"Companies selling these products have a responsibility to ensure they aren't putting children in harm's way or enticing youth use", says Gottlieb.
"While we continue to encourage the development of potentially less harmful forms of nicotine delivery for now addicted adult smokers, we will not allow that work to come at the expense of our children", Gottlieb stressed. In March, it explored "impactful regulatory options the FDA could pursue to address this issue" of tobacco, e-cigarettes, cigars and snus. "(We will) continue to take action against those who sell tobacco products to youth and market products in this egregious fashion".
The FDA cited examples including "One Mad Hit Juice Box", which resembles children's apple juice boxes, "V'Nilla Cookies & Milk", which looks like Nilla Wafer and Golden Oreo cookies and "Twirly Pop", which not only resembles a Unicorn Pop lollipop, but comes with one.
But teenagers aren't the only ones at risk with e-cigarette products.
Some of the products even smelled like the food they were imitating, said Maureen K. Ohlhausen, acting chairwoman of the FTC.
The FDA said the products violate codes against false or misleading branding and unfair and deceptive marketing.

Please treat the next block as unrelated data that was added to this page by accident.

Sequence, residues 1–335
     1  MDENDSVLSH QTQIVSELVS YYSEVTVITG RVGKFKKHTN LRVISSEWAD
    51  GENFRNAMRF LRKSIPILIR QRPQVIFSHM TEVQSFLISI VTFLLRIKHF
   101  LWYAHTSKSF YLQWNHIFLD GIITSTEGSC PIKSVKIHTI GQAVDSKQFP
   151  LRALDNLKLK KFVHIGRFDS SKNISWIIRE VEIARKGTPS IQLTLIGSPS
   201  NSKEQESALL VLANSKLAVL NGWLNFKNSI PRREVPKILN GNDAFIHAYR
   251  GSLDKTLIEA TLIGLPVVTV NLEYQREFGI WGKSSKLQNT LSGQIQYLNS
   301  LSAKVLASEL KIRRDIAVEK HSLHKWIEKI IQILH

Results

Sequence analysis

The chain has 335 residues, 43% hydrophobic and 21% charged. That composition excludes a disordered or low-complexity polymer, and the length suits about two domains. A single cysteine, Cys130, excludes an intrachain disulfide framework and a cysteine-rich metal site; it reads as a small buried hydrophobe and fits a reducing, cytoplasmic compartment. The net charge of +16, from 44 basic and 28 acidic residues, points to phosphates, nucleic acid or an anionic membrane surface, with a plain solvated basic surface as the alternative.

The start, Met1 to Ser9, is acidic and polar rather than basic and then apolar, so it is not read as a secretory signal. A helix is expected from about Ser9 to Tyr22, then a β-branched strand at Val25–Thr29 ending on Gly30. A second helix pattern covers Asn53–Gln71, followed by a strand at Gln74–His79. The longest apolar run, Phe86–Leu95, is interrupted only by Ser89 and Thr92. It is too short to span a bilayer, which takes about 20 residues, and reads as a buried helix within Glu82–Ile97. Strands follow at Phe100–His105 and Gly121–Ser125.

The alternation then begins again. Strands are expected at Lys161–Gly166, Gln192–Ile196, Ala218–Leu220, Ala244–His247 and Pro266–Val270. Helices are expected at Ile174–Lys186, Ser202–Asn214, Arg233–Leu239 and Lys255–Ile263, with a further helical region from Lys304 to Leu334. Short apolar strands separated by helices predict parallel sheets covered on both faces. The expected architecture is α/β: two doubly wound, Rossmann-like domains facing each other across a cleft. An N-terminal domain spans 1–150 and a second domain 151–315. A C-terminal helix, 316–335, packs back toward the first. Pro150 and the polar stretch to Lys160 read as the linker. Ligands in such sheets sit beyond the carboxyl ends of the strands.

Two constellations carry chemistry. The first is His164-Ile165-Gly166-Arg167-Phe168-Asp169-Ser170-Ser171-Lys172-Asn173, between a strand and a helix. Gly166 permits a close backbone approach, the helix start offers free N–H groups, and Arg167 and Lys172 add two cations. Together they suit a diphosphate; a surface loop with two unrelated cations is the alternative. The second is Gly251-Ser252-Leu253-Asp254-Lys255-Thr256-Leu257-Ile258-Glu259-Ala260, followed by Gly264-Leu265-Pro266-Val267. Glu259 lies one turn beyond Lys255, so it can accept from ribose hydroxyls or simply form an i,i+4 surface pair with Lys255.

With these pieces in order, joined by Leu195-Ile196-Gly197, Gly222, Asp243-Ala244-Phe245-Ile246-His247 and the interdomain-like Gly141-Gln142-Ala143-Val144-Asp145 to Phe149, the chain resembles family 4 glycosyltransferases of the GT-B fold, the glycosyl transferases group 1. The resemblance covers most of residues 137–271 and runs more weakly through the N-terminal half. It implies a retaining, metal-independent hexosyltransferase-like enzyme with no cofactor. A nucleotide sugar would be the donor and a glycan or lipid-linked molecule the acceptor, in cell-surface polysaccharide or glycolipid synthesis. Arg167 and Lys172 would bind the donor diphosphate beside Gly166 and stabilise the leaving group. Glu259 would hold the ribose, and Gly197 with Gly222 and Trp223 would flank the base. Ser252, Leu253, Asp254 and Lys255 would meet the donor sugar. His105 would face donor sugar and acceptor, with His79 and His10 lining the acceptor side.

FDA sends warning to liquid e-cigarette companies about making product packing that looks similar to other kid-friendly brands.More news: USA soldier killed by enemy fire in Afghanistan
The agency and the FTC have asked for responses from each of the companies within 15 working days. If the companies fail to comply, they may face serious consequences, such as product seizure or an injunction.
Nevertheless, "it takes a very small amount of these e-liquids, in some cases less than half a teaspoon, to be at the low end of what could be a fatal effect for a kid, and even less than that to make them very, very sick", said Mitch Zeller, director of the FDA's Center for Tobacco Products. Small children who are exposed to e-cigarette liquid or ingest it can die from cardiac arrest, as well as experience seizures, comas and respiratory arrest.
The agency plans "a series of escalating actions" as part of a new plan to prevent youth tobacco use, Gottlieb said.
Even though it is illegal to sell e-cigarettes to people younger than 18, national survey data suggest that more than 2 million middle school and high school students were current users of e-cigarettes and other electronic nicotine devices in 2016.
The FDA didn't say how numerous kids who swallowed vaping liquid did it because they were tricked into thinking it would actually taste like their favorite candy, drinks, or snacks.
A list of the commercially sold look-alike packaging was posted online by the FDA and the Federal Trade Commission. The agency also sent a letter to JUUL Labs requiring the company to submit important documents to better understand the reportedly high rates of youth use and the particular youth appeal of these products.